Variable Bush Viper (Atheris squamigera)
Fear Factor, NBC’s insane but ridiculously popular reality series, iscoming back to television to entertain millions of viewers with their “gross-out” and “stunt” challenges that involve animal mistreatment and abuse.
On the show, contests compete for prize money by accepting challenges that often involve eating a live animal, disgusting animal product, or sitting in an aquarium with hundreds of scared animals. While on the air throughout the early 00s, Fear Factor was under fire from animal rights activists. NBC received thousands of complaints from concerned viewers asking for animals on the show to be treated better but NBC did not listen. The controversy fueled the popularity of the show and grew it’s viewership to close to 14 million a week.
Each episode contained a “gross-out” and “stunt” feature. The gross-outs almost always involved eating a vile animal product such as an underdeveloped duck fetus (pic above) or a fisheye and worm pizza covered in bile (I’m not making this up). After conquering their fear of food poisoning, contests performed a stunt which also required animals. Most of the animal stunts involved contestants sitting a tub filled with snakes, spiders, or fish where animals were often accidentally or intentionally killed.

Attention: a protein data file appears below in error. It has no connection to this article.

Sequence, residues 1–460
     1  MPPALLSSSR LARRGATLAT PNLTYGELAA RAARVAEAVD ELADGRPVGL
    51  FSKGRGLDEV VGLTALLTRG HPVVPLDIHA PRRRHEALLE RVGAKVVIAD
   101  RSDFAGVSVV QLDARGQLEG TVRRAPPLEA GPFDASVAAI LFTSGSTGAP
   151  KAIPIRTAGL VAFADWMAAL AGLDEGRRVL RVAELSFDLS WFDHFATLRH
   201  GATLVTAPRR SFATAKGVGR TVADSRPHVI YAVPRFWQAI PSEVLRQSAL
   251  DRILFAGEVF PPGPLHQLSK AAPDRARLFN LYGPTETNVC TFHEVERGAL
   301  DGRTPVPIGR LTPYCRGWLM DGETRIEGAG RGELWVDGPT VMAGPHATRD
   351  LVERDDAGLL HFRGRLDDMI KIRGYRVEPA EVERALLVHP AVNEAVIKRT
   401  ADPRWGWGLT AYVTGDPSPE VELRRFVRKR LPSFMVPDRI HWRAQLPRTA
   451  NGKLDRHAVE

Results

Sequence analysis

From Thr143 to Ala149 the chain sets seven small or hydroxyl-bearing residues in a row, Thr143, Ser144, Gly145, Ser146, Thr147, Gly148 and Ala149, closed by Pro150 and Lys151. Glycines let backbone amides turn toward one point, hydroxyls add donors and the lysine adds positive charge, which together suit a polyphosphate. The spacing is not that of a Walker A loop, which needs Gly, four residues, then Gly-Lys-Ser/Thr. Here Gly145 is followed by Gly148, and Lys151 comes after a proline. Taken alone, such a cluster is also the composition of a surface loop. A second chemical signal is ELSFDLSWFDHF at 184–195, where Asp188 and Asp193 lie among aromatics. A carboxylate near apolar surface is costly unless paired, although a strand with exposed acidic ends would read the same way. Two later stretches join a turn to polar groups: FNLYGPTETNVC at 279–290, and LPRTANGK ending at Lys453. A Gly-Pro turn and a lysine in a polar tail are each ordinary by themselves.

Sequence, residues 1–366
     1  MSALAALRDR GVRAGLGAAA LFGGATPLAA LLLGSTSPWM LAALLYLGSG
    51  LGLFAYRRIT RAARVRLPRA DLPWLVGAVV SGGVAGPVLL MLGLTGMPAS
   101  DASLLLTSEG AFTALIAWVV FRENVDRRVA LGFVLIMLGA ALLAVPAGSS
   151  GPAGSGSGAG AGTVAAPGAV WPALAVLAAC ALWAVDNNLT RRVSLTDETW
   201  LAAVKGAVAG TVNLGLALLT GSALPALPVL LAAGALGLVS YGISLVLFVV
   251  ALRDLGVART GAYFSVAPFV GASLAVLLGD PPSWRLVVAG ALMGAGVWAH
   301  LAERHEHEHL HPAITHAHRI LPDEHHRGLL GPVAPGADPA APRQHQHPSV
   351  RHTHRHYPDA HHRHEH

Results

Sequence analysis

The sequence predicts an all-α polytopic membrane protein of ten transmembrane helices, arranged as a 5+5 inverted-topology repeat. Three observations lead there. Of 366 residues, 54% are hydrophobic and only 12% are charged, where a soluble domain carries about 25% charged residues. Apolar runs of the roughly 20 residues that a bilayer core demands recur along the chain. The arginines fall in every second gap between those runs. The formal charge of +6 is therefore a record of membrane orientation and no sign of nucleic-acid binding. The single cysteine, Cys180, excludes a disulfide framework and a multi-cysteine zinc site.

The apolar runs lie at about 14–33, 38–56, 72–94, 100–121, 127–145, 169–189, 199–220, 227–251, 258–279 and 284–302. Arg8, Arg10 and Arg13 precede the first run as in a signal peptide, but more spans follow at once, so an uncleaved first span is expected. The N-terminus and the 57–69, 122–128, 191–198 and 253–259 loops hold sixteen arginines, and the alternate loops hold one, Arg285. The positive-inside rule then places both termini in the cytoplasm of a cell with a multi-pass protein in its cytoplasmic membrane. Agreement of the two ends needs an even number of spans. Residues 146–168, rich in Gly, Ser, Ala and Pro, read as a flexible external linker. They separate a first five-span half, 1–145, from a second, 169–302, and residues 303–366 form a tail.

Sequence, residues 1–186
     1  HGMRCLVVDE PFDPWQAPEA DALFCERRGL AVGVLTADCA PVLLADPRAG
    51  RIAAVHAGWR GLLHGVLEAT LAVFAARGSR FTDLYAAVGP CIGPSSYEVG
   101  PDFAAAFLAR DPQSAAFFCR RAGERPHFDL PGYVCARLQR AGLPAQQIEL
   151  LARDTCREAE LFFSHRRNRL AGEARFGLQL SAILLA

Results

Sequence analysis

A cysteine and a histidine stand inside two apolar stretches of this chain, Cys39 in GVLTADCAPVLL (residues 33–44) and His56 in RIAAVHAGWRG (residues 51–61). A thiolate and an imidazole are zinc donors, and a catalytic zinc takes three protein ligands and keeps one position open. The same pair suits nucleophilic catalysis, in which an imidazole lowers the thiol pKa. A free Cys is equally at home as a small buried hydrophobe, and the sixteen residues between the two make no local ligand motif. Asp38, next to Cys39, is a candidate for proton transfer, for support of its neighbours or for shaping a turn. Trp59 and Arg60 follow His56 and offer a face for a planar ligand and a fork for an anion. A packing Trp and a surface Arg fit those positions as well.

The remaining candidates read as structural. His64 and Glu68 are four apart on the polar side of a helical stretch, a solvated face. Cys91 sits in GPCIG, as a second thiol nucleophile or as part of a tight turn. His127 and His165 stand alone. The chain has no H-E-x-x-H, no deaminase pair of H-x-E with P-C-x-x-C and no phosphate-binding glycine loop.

After numerous injuries and animal deaths, trainers began to refuse to work on Fear Factor. The American Humane Association (AHA), who oversees the use of animals for TV, said that the show features clear cut cases of animal abuse and mistreatment especially (and most obviously) in contests that required contestants kill animals in order to win. They condemned the show for its cruelty and said it would never be eligible for the AHA humane rating so along as it continued.
Are we really at such a loss for ideas for TV shows that we have to bring everything back five years after it gets cancelled?
This is one show that should never come back into existence. Eating or abusing an animal does not mean you conquered your fear. In my experience, it takes more courage to speak up for animals than it does to participate in their abuse.